The 500-year-old fort is in excellent condition in many parts, especially at the front section. It is six kilometres further north after the exit to the International Airport on Bellary Road, and less than a five-minute walk from where Tipu Sultan was born—at which spot there is a simple memorial to the important warrior king of South India.
It was a mud fort when it was first built, one of a series in this region, which, in addition to buttressing the local ruler's strength, served as shelters for itinerant traders. The forts, including Devanahalli, were rebuilt by the Muslims Hyder and Tipu, with mud sandwiched between granite layers, the mud helping to cushion the stone when the stone took fire from cannons.
The circular bastions are also a Muslim contribution, a change from the times of the Gowda rulers (of the Morasu Mokkalu clan) who built their bastions square — two of the Gowda bastions still remain. Inside the twelve bastions in this fort and along the fort walls there's evidence of French expertise. The floor space inside bastion is sloped in a ramp to allow ordnance to be rolled with ease and speed. Along the brick-topped battlements, banquettes run the entire length, allowing gunners to step up, fire, and step down to reload safely.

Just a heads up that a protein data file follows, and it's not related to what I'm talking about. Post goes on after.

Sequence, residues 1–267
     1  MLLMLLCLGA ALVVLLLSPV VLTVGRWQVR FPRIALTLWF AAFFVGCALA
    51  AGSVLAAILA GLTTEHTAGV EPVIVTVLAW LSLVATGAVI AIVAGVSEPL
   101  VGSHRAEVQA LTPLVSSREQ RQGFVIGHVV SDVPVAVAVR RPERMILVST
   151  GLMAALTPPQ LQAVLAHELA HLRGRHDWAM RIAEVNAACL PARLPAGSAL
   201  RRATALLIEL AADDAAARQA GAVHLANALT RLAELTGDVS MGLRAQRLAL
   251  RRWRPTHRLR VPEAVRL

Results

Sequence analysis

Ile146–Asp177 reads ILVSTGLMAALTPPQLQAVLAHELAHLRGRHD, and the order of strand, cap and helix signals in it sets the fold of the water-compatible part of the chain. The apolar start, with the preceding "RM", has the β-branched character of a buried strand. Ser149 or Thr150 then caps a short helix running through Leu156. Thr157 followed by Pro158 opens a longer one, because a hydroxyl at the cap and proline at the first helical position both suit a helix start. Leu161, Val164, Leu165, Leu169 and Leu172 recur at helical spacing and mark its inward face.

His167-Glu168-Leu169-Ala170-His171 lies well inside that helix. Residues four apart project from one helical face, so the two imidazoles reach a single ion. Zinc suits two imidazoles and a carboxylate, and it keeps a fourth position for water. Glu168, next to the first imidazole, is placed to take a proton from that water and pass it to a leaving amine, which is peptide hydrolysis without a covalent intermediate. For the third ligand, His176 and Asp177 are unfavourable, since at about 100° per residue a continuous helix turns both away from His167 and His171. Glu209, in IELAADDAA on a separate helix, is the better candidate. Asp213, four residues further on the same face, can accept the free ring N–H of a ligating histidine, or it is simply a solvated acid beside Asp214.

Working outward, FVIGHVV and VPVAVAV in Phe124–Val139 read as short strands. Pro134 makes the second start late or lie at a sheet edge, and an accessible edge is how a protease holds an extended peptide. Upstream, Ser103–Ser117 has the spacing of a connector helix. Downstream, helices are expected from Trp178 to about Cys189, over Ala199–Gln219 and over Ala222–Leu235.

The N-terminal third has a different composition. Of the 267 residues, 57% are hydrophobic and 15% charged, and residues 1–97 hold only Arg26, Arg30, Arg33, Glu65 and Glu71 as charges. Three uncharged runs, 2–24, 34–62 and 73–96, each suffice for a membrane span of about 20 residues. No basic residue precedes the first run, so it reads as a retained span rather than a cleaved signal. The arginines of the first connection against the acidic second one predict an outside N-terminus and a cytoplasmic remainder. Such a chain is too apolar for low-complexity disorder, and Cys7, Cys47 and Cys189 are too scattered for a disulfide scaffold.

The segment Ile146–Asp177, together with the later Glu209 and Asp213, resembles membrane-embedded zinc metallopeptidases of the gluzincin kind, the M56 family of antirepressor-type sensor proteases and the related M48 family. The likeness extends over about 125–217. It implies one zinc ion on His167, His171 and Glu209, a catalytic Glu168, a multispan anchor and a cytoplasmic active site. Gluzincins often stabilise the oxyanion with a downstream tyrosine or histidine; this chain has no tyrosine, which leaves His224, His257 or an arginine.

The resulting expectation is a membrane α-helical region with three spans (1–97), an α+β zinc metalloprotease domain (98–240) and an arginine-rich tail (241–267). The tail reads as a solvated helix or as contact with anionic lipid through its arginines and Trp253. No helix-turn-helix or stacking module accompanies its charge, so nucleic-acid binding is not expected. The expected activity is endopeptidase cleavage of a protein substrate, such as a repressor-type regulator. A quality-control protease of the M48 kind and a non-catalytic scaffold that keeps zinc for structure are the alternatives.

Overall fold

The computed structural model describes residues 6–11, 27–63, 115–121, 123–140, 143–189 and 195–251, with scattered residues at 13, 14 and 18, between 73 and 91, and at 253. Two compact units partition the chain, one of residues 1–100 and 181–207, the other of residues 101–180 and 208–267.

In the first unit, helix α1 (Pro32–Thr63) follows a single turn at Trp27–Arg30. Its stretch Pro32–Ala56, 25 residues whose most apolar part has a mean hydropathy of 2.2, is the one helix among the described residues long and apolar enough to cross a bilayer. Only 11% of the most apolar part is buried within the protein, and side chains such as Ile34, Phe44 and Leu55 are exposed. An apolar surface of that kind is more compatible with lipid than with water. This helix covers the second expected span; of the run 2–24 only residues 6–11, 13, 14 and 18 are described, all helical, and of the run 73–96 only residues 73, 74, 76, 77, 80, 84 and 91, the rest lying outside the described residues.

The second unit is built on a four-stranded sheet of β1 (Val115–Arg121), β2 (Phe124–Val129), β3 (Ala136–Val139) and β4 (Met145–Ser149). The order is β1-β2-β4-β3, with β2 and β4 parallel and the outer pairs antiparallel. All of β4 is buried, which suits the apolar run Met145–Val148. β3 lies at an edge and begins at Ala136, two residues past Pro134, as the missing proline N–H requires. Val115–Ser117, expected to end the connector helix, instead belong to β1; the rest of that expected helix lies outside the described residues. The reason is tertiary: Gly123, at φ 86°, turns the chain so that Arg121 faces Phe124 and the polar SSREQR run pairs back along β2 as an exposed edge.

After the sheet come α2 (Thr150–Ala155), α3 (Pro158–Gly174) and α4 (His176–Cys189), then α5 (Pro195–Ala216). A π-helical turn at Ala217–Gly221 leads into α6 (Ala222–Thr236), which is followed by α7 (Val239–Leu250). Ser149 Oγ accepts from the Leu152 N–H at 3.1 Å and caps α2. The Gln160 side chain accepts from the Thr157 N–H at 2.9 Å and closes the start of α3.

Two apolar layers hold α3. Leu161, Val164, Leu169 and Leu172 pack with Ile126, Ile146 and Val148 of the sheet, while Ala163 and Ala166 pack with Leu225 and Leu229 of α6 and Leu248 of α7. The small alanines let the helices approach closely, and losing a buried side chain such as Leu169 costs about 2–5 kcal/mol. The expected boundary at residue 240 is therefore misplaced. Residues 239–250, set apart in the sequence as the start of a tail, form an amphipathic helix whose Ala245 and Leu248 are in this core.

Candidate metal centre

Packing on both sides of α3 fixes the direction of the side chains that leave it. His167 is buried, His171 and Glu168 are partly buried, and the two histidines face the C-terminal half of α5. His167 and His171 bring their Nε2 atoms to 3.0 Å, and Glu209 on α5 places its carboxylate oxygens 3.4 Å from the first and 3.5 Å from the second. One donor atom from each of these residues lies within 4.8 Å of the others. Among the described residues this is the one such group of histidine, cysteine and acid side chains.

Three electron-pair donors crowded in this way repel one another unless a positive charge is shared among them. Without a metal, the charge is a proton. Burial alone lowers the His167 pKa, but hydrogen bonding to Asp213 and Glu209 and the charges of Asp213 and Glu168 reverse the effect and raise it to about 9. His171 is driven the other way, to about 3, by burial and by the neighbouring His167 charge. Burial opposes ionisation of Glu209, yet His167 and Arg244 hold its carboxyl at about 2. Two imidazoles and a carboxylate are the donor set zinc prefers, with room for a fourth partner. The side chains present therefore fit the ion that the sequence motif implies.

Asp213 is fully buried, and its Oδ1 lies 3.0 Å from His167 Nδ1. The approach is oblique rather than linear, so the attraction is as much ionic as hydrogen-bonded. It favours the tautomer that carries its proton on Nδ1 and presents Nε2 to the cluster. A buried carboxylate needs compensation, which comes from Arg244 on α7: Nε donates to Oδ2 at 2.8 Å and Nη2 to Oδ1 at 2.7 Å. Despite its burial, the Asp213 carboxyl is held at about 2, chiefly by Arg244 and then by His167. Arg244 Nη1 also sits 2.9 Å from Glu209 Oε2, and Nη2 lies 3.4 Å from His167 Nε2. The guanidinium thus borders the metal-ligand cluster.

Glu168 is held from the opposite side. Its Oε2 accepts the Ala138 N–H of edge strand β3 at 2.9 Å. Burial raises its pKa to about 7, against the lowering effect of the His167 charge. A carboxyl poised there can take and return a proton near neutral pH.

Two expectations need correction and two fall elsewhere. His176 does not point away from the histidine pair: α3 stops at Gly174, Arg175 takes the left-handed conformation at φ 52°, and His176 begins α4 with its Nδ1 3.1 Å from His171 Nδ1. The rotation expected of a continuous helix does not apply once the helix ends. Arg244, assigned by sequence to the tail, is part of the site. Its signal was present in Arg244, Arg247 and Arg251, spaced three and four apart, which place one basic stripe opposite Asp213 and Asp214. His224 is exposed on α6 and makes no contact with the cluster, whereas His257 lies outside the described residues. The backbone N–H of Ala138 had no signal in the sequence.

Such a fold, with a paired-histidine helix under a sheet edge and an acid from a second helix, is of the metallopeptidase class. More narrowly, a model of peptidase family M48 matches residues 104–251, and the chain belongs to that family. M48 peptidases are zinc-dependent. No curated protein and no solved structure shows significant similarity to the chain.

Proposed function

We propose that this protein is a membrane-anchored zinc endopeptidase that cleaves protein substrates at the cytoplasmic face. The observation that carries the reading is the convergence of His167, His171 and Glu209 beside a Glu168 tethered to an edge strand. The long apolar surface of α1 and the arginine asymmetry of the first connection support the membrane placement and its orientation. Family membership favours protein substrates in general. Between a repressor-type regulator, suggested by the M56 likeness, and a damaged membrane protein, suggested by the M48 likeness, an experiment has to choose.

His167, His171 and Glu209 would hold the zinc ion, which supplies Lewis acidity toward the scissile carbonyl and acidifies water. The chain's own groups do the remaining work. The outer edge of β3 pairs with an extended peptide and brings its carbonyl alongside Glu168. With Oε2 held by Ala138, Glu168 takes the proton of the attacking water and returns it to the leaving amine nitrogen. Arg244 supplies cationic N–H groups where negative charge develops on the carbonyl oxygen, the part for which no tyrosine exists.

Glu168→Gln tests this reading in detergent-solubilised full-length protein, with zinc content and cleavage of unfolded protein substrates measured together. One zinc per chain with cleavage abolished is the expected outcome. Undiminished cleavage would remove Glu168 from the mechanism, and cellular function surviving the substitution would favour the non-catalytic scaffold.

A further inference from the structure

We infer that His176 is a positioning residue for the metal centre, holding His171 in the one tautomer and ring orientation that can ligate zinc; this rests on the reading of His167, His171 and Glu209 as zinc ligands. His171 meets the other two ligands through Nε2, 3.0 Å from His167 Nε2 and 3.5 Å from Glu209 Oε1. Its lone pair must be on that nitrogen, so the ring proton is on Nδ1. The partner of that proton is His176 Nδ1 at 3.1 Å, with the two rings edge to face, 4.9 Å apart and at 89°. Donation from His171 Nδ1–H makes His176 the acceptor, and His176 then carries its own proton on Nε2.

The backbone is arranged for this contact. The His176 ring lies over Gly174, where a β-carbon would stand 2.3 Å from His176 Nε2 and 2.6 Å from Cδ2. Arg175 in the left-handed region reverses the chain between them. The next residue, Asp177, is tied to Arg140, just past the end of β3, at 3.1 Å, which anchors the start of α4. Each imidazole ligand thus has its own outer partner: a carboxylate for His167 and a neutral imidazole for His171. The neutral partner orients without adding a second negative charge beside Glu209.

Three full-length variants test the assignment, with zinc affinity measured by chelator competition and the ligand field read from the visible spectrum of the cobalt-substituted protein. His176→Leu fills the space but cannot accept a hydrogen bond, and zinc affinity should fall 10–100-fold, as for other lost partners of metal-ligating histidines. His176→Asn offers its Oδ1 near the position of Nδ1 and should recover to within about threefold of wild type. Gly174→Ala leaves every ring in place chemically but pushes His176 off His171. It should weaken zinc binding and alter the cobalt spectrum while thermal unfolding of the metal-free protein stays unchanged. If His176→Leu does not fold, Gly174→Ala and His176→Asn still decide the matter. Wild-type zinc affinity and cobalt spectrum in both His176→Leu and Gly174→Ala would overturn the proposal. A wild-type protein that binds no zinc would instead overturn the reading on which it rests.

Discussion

A fort is built to be impregnable, but it also needs to be blessed with good fortune. The fortifications of Rajasthan are said to have young volunteering men buried alive at the keystone. Kempegowda's daughter-in-law, if the story is true, sacrificed herself in such fashion for the Bangalore fort. Here, in Devanahalli, a double sacrifice was offered, of a woman pregnant with child, making this a twice-blessed fortress. To no avail, because when the defenders of the Devanahalli fort learnt that the better-armed Bangalore fort had been taken by Cornwallis' forces, they fled their posts wasting no time. When the British arrived at Devanahalli, all they needed to do was to walk in.
Tipu got back the fort by the terms an ignominious truce because the sultan was forced to hand the victors his sons as hostage. His boys took leave of him at the capital, Srirangapattana, but when they were returned, he received them at Devanahalli, at a camp by a pond north of the fort. He didn't reveal his emotions, it is said, he only ran his hands over the back of their necks and sent them into his tent.
Now free Indians possess the fort. The front of the fort is protected by the state as a heritage area. On the back, private citizens have built structures that tumble into one another. Among such buildings are a few new temples, and some older ones, but the temple that was built along with the fort, the Venugopalaswamy Temple in the Vijayanagara style, that temple is in excellent condition, and the deities in it are lovely.